The book is divided into three parts – beginning, middle and end, with love letters reflecting each of these stages in a relationship. Some were silly, some were truly beautiful, but all of them possessed such honesty, that it would be difficult to dismiss them as cliché or banal. The mere fact that Darbyshire received as many submissions as he did goes to show that love letters as such are not extinct and that there are still people who want to put their love, or in some cases heartbreak, into words.

Truth be told, when I did finally pick it up and read it, I did not feel sentimental at all, which makes it all the more surprising that I enjoyed it as much as I did. Rather it crushed my inner cynicism and that alone is an achievement. I’ve read so many books about love and romance over the years and yet, despite finding something meaningful in every single one of them, it is an entirely different feeling when you feel like you have become privy to someone’s personal life. For this reason, the longer letters, the ones which had more context, were the most powerful ones.

I would recommend this book if you’re looking for something soothing and romantic to read. The rating I’m giving this book is not based on the writing, because of course this is no great work of literature. Instead it reflects what I thought about this idea and the letters, which Darbyshire decided to publish.

I give this book four out of five wine bottles.

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“All the Rage” by Courtney Summers (2015).


Reading this book made me frustrated, angry and entirely mesmerized as I followed the story of Romy Grey, a young girl, who has to cope with the aftermath of her rape in an incredibly hostile and even hateful environment. Some passages were so difficult to read, because of the tragedy of it all, that I simply closed the book in my hands and sat for a while before continuing. Since I read ‘Asking For It’ by Louise O’Neill only a couple of months ago and it is so similar to this one, this review will inevitably be a comparison between these two books when it comes to certain aspects.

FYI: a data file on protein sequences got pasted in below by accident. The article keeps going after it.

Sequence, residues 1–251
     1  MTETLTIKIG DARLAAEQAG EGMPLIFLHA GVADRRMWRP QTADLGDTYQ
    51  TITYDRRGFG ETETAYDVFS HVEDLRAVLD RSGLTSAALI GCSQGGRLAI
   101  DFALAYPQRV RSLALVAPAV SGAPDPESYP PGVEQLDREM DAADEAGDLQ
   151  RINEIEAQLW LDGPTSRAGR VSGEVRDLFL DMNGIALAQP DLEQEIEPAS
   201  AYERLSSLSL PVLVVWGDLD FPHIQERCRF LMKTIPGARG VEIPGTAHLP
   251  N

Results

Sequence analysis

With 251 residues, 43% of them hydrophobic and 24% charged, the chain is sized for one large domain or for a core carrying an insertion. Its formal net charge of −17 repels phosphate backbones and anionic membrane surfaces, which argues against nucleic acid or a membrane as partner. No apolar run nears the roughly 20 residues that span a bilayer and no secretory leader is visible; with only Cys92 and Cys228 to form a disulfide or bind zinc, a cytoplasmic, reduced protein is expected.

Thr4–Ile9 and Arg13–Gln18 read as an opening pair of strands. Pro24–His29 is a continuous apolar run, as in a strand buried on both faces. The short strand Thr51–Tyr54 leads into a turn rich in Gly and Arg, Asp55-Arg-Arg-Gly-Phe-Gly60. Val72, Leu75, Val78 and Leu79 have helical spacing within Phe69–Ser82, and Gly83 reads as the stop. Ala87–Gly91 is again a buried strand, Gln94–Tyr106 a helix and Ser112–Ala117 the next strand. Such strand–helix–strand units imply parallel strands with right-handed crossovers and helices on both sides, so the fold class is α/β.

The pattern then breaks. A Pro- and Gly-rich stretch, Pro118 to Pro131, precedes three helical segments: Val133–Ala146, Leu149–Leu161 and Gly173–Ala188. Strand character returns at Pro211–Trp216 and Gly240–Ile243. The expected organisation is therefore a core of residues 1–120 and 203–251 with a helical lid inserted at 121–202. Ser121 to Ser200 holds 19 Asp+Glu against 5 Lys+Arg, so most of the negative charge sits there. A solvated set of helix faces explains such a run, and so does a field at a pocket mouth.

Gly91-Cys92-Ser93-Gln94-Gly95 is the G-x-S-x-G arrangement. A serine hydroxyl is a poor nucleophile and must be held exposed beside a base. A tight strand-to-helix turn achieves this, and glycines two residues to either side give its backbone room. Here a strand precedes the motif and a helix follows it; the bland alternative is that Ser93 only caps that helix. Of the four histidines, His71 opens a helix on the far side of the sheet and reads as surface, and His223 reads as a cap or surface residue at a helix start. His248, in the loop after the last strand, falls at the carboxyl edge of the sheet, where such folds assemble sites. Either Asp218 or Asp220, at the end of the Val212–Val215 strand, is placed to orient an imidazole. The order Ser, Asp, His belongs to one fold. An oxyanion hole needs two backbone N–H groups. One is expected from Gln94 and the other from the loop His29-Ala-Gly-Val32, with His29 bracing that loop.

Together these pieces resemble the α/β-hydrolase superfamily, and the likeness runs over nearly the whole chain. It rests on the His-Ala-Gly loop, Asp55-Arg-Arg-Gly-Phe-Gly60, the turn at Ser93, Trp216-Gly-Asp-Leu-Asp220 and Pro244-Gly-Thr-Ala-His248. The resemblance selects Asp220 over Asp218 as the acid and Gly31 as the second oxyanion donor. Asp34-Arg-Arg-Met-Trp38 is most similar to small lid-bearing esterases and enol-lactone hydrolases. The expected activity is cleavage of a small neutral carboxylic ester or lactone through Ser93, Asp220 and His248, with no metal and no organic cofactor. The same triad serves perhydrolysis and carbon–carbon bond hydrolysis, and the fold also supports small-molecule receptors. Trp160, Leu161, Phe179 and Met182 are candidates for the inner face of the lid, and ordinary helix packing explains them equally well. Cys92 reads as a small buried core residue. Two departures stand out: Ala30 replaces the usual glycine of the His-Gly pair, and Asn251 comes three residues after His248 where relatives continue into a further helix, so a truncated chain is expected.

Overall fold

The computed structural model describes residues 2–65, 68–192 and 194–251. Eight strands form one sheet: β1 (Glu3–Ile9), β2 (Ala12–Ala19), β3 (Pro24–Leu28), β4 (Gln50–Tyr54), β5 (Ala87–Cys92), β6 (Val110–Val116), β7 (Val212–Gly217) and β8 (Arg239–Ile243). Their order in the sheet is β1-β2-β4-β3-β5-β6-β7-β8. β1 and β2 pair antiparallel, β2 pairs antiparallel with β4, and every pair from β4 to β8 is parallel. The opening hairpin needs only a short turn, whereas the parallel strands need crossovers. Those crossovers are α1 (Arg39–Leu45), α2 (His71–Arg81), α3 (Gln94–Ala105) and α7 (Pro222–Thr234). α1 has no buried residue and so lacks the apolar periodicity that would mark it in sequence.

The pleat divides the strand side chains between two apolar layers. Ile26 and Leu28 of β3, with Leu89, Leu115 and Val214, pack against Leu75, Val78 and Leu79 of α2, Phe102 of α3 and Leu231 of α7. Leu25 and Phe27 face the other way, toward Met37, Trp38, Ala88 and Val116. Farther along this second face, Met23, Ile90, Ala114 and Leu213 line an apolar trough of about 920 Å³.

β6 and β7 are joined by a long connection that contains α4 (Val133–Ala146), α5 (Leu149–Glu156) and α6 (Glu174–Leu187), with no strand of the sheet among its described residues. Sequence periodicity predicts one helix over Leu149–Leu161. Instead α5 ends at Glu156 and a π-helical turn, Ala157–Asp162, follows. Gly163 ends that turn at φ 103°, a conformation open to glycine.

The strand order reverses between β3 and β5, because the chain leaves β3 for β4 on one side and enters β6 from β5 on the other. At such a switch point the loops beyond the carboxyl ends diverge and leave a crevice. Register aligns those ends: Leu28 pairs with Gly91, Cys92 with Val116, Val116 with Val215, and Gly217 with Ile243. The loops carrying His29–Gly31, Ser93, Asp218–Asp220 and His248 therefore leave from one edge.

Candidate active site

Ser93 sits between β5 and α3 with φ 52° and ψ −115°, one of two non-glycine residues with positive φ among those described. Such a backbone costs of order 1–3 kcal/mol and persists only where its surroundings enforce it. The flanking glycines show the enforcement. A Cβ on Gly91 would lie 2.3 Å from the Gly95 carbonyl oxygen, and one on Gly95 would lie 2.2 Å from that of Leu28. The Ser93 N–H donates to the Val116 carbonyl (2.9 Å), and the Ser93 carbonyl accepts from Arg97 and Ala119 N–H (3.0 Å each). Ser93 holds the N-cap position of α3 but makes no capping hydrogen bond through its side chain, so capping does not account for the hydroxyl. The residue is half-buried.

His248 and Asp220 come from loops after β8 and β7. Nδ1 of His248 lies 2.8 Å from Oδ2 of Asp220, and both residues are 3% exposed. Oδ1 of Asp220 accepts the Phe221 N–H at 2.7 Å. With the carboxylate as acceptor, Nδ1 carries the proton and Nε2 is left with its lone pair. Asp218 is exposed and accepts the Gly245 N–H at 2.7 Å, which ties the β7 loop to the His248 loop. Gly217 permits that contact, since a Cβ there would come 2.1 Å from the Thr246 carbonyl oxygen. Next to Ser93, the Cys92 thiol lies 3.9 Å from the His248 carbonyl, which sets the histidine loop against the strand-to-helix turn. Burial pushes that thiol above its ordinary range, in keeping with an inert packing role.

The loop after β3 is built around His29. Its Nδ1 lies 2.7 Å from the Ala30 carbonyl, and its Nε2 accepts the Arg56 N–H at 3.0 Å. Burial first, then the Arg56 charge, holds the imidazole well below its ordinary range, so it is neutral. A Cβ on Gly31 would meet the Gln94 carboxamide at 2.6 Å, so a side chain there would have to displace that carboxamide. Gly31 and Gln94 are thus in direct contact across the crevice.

The timeline seems confusing at first, as the reader is thrown into the story by a memory of her rape, but then it immediately jumps forwards in time, only to go back slightly. Destabilizing the reader from the very start was a smart move on Summers’ part because it forces the reader to put the events together thereby already putting him in Romy’s position, who feels the same way. The central plot is focused on Romy’s life quite some time after the event and her interaction with people in her school. Since she lives in a small town, the accusation she made against the boy who raped her has made everyone turn against her, because no one believes he could have done it.The novel eventually leads to the mysterious disappearance of a girl – an event which once again makes Romy the centre of attention.

Starting with Romy herself, Summers has created a character which is much more likeable than O’Neill’s Emma, at least in my eyes. I did read reviews, which strongly disagreed with me, but at the same time said that the consequences of rape were well represented in this book. The two don’t go together. Romy’s bursts of anxiousness, disregard for other people and aggressiveness are exactly the consequences of what happened to her. Not only that, but the setting which Summers provided with a school full of cruel teenagers, who all hate her, only added to one’s ability to relate to her, especially following some of the gruesome things these people do.